1. Dynamical Dances of Black Holes
  2. The Final Flight of a Binary Neutron Star

Dynamical Dances of Black Holes

The following simulations show gravitational-wave captures that results from the encounter of four black holes, which can occur at the cores of dense stellar systems such as gloublar clusters. Such encounters can lead to long-lived “resonating” interactions, through which many temporary binary systems are created. When one correctly includes post-Newtonian terms in the equations of motion, the formation of a highly eccentric binary can lead to a rapid inspiral and merge due to gravitational wave emission zapping orbital energy. These mergers can maintain their high eccentricies into the LIGO sensitive frequency range and occur at a rate accessible by advanced LIGO. If detected, such systems will highly constrain their formation scenario and be a clear indicator that dynamics can play a key role in facilitating binary black hole mergers. Examples below are from Zevin et al. 2019a (ApJ 871, 1).

The Final Flight of a Binary Neutron Star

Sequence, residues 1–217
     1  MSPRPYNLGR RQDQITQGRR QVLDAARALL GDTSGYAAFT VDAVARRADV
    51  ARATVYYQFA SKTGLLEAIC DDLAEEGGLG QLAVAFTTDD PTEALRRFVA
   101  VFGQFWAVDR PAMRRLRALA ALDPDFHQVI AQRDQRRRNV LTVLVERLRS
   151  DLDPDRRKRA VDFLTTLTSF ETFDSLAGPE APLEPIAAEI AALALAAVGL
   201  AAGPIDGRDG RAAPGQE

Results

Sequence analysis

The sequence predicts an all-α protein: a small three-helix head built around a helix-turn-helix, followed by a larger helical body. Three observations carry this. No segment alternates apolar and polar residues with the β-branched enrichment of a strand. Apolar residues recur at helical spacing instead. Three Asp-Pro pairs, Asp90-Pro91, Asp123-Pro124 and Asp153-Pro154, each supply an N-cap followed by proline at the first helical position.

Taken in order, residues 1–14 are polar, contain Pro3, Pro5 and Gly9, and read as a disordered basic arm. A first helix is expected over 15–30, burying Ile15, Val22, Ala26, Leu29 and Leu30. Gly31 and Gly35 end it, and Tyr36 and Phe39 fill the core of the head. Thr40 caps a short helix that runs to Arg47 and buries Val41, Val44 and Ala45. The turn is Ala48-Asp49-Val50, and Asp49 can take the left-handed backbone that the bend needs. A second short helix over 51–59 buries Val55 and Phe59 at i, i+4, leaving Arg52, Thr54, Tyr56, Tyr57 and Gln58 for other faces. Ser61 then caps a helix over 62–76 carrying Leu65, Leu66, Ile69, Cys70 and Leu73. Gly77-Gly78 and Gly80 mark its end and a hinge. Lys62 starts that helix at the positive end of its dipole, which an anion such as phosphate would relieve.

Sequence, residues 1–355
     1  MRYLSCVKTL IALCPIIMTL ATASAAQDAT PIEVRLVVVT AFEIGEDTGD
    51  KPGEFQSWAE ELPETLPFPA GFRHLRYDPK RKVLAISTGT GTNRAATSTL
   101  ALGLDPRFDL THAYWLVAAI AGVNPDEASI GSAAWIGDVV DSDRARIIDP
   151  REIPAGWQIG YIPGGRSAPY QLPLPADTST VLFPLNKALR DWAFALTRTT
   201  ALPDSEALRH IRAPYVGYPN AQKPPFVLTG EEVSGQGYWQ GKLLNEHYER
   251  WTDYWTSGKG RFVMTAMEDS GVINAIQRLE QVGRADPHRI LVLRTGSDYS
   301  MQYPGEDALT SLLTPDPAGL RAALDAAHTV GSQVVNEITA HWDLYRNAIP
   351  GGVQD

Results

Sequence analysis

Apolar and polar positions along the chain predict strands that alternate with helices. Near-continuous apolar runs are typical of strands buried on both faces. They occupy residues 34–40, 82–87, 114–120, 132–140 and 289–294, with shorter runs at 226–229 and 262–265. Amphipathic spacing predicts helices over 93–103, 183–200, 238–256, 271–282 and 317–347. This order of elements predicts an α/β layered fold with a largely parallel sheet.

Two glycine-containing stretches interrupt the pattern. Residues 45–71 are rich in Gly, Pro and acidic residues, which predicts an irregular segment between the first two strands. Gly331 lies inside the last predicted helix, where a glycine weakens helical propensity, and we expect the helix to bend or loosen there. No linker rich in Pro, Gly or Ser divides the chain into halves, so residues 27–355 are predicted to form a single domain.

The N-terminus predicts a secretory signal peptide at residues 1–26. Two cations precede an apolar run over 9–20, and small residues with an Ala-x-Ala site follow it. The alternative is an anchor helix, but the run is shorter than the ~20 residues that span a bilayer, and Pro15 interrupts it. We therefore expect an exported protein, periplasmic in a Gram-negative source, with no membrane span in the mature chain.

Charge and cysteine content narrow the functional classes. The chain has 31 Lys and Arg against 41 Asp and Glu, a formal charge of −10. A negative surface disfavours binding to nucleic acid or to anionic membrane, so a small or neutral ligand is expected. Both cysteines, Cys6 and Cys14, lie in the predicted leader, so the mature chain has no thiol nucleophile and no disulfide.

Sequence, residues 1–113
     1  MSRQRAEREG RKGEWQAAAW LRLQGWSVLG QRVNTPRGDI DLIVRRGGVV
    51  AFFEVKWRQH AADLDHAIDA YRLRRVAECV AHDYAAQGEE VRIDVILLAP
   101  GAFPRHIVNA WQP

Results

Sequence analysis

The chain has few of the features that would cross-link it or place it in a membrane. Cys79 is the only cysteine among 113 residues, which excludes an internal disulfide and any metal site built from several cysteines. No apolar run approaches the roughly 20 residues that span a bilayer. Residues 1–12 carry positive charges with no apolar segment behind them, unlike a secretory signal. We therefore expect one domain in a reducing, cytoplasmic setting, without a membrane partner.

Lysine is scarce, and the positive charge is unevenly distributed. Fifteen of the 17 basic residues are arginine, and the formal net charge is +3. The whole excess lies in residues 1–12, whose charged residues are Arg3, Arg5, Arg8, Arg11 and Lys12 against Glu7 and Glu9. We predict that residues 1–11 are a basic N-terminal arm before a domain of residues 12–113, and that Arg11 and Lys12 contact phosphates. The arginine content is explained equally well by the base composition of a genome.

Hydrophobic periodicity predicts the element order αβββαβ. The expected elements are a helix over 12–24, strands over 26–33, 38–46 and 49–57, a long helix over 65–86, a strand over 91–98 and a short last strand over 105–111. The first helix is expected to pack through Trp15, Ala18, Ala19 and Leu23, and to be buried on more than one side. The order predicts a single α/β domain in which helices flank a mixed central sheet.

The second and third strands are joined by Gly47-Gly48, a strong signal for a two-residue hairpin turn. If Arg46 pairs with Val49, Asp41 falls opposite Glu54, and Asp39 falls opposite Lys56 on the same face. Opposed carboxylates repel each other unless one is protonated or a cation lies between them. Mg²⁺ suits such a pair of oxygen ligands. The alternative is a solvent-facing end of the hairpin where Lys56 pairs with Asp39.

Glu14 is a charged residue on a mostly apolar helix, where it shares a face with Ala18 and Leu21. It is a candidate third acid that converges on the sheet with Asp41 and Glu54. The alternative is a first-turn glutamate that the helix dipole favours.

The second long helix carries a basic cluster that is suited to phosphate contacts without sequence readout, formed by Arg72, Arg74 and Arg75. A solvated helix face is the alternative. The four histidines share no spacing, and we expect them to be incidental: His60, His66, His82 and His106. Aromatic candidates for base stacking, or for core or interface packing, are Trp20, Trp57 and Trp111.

The following animation shows the kinematic evolution of a simulated double neutron star system that may have been the progenitor of GW170817. Using the observed offset of GW170817 from its host galaxy (NGC 4993), we can constrain aspects of the stellar evolutionary process that led to its formation. The pair of stars—a neutron star and a normal star—orbit quietly, until the normal star undergoes a supernova, spawning a second neutron star and “kicking” the system into an elliptical orbit. The two neutron stars eventually merge and generate gravitational waves, a gamma-ray burst, and an explosion called a kilonova. Other potential lives are shown in the thinner, lighter-colored lines. Data for this animation comes from the analysis in Abbott et al. 2017 (ApJ 850L, 40A).

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